Still, Houston made one of her finest albums during this period — My Love Is Your Love, which showcased a grittier voice and, on songs like "It's Not Right But It's Okay," a determination to mine hard times for meaning, the way she'd once milked the glory of her youth.
In this century, Houston became an emblem of decline — of the human toll taken by drugs, and of the shifting nature of pop, whose stars now act much more like trick ponies than thoroughbreds. Houston made more music and won more accolades (according to the Guinness Book of World Records, she holds more trophies than any other pop star) and did manage to occasionally appear in public. But her comeback never solidified. The most obvious testimony to the greatness of her gift is that, even when she was most down, the butt of comedians' jokes and gossip columnists sneers, her fellow artists only spoke of her in admiration and love.
Her artistic father figure, Clive Davis, never gave up hope that she would return. Every year at the party he threw in the Beverly Hilton Hotel — where she died Saturday afternoon, hours before she was scheduled to appear — Davis held out hope that this would be the time Houston would regain her breath and her fire and finally win again. She did make a go of it in 2009, wearing leopard skin and smiling widely as she sang with her cousin Dionne. It wasn't miraculous, but it was good enough to move the room to cheers and tears.
That Houston died mere steps from that stage, only to be discovered by her bodyguard in one of the thousand hotel rooms where she'd laid her head, is strange poetry. I've long thought that someone should write an opera about this brash, brilliant woman, born a child of soul and raised to womanhood within the heart of crossover pop. She broke hearts, and was herself broken. She suffered, but not in her music, which even at its saddest was grounded in a sense of dignity and the determination to transcend. She defined a style that so many would adopt, yet her talent was unique.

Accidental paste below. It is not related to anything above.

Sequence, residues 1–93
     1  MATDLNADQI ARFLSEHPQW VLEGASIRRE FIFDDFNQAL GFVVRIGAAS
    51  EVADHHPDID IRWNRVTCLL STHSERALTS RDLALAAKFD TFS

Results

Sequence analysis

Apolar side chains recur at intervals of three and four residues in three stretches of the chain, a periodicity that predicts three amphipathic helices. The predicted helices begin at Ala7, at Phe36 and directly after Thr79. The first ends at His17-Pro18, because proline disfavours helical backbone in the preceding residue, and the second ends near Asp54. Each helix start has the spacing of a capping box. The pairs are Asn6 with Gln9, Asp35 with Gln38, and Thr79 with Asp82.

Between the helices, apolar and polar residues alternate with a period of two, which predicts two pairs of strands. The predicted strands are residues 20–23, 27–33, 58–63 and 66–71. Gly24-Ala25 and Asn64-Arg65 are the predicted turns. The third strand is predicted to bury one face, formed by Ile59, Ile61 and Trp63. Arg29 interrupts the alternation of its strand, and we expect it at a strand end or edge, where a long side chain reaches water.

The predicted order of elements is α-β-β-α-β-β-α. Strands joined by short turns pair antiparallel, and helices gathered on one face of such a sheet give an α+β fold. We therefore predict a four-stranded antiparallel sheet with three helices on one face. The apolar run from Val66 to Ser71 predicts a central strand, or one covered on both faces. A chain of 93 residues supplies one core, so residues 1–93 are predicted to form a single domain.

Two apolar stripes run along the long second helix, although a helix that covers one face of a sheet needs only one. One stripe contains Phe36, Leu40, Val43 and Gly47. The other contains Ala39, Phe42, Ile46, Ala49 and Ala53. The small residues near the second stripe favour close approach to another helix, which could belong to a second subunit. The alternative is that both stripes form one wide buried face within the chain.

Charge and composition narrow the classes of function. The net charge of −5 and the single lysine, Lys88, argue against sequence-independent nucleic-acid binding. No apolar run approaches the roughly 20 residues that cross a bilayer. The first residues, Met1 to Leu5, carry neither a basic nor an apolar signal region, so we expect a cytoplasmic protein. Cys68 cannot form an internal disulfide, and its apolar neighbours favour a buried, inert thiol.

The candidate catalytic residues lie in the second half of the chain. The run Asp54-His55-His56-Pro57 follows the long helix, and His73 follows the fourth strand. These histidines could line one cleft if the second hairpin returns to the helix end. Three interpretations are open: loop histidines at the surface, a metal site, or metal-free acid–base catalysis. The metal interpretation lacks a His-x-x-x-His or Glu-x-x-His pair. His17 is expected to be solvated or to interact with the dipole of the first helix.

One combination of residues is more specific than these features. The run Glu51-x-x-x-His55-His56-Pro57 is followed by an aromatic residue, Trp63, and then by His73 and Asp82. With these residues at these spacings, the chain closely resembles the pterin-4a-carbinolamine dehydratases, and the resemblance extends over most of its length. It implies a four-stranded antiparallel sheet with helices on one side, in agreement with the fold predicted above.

At the beginning of her book Opera, Or the Undoing Of Women, the French theorist Catherine Clement turns to various arias to embellish her argument about how music symbolizes and enacts the pain women must endure. "A prima donna is a column broken in two that bleeds from top to bottom," sings the diva in Offenbach's The Tales of Hoffmann. This reprisal reveals what we listeners crave: gorgeous suffering, self-exposure a show of power. Clement quotes another aria, from Jean Cocteau's text for Cantate, that makes me think of Whitney Houston, as I hope to always think of her. As an aerialist: "See see how I can fly / I can stay up alone / Detach myself from earth / Spin and rise / Rise wingless, wingless / Climb into the air the way you fall / Gently / In a whirl."
CORRECTION: An earlier version of this post attributed its closing lines to Alban Berg. They are in fact Jean Cocteau's, from his text for Cantate.